, Volume 4, Issue 2, pp 111-122

The three-dimensional structure of airborne bird flocks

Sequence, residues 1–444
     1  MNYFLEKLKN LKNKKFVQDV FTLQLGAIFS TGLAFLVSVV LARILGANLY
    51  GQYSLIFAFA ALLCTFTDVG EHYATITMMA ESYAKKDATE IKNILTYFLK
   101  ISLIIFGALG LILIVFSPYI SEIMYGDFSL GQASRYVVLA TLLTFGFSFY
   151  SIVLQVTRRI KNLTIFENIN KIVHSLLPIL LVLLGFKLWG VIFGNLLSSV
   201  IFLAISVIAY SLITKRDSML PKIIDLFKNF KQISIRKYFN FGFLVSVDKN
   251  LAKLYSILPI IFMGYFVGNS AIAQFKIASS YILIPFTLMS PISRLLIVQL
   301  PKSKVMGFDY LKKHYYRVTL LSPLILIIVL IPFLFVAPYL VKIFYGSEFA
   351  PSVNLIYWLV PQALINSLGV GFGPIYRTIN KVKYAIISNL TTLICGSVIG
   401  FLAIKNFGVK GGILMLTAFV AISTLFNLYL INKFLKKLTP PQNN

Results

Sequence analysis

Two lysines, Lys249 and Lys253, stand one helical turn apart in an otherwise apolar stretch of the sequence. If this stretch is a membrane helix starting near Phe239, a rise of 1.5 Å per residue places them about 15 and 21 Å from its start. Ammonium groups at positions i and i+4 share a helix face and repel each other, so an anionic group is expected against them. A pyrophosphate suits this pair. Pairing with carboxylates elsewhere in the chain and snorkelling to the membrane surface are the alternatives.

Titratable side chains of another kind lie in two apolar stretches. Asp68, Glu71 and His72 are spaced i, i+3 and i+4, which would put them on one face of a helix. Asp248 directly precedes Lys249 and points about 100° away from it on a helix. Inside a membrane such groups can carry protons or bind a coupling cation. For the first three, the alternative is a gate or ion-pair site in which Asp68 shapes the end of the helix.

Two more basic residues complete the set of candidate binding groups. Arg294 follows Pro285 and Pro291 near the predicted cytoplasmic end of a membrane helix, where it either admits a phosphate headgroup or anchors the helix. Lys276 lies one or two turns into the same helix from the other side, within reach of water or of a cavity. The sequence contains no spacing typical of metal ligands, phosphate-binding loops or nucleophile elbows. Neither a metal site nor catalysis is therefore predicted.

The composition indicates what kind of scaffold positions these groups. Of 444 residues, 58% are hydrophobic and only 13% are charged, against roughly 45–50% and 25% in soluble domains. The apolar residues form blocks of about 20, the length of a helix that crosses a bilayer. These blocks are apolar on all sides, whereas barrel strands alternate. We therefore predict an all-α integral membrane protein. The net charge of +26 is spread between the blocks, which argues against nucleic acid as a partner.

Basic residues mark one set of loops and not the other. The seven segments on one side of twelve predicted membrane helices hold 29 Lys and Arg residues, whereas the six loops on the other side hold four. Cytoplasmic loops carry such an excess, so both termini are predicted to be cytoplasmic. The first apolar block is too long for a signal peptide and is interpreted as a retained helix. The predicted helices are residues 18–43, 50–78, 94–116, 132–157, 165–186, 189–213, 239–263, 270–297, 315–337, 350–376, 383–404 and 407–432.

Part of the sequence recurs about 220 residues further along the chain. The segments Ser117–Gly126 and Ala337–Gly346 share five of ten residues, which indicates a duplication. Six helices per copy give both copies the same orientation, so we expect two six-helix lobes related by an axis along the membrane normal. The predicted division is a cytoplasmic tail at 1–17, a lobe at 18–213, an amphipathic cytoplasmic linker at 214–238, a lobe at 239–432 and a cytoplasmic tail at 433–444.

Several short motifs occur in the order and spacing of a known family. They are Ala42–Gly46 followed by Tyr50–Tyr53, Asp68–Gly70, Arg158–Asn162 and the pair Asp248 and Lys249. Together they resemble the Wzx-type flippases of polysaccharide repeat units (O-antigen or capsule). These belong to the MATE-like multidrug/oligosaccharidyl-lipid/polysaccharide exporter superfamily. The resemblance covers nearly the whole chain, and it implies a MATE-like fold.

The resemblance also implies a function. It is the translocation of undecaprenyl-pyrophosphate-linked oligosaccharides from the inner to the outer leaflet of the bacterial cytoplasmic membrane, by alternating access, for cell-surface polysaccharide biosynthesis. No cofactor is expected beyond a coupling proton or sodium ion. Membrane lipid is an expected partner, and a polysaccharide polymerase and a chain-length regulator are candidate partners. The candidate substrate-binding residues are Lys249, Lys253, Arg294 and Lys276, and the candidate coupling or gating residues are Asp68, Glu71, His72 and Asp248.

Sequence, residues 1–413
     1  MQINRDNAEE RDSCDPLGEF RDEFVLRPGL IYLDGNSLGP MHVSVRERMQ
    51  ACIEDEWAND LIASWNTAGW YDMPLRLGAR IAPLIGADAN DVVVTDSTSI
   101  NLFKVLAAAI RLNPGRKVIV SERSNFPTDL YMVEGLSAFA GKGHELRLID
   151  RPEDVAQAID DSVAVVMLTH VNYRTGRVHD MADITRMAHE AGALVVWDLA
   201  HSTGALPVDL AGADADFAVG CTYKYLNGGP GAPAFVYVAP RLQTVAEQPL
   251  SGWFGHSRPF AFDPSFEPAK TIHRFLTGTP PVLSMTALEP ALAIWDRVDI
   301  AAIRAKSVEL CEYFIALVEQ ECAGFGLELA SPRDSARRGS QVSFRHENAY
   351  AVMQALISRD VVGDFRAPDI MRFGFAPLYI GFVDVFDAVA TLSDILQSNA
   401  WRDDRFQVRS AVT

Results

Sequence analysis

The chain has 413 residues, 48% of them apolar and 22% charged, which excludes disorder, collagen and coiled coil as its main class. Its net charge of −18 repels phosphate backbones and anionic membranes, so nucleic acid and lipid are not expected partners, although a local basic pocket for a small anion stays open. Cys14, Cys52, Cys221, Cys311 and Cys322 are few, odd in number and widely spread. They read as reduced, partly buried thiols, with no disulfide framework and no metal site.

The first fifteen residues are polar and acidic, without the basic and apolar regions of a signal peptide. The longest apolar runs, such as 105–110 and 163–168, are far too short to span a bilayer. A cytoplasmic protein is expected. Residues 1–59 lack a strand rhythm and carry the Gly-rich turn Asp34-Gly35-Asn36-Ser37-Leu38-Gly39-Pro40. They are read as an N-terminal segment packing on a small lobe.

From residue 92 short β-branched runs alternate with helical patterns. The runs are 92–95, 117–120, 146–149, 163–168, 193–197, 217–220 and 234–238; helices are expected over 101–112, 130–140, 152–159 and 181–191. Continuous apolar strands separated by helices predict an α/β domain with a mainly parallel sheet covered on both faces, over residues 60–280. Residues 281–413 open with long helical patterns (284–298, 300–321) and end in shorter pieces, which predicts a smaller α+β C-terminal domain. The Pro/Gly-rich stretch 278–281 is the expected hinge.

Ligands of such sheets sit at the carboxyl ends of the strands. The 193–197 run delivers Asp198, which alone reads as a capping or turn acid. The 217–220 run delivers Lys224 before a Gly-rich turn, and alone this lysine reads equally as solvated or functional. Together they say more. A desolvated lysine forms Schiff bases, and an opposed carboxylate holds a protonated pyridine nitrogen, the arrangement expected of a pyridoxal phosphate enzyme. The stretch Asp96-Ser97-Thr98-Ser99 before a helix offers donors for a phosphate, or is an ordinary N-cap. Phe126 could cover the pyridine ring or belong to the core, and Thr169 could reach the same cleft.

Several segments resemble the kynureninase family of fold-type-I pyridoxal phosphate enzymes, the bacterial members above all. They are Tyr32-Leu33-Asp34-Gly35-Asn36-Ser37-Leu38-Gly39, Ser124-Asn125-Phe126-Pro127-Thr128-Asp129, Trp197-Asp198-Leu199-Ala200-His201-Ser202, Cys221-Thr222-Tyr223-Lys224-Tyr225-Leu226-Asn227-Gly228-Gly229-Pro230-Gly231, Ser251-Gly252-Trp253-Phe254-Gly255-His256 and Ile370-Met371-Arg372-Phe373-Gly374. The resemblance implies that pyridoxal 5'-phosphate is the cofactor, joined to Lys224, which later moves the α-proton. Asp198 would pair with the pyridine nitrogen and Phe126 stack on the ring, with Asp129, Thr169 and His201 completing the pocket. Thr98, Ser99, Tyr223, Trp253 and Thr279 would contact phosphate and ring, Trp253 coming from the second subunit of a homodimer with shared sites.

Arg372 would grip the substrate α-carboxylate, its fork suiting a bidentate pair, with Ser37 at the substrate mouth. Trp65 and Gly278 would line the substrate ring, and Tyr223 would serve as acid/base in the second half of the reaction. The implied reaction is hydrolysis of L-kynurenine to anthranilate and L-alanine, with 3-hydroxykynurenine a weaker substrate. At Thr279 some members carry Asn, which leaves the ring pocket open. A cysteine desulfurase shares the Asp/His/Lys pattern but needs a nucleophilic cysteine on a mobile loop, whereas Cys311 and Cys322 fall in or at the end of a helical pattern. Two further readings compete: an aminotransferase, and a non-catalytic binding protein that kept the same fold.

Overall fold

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The three-dimensional structure of flocks of dunlin, Calidris alpina, and starlings, Sturnus vulgaris, was studied while birds were in transit between feeding, loafing and roosting sites. A technique was developed that uses standard photogrammetric methods to determine the three-coordinate position of birds in flocks from stereoscopic pairs of simultaneously exposed photographs. A comparison of nearest neighbour distances indicates that dunlin have a tighter, more compact flock structure than do starlings (Fig. 2; Table 2). Analysis of interbird angles in both the vertical and horizontal planes indicates that each dunlin's nearest neighbour is most likely to be behind and below it. This spatial structure results in areas in which few nearest neighbours occur (e.g., immediately in front and below) (Fig. 3). Flight speeds during transit flights are also presented (Table 4). The spatial structure and behaviour of dunlin and starling flocks appear to be very similar to the structure and behaviour of schools of fish.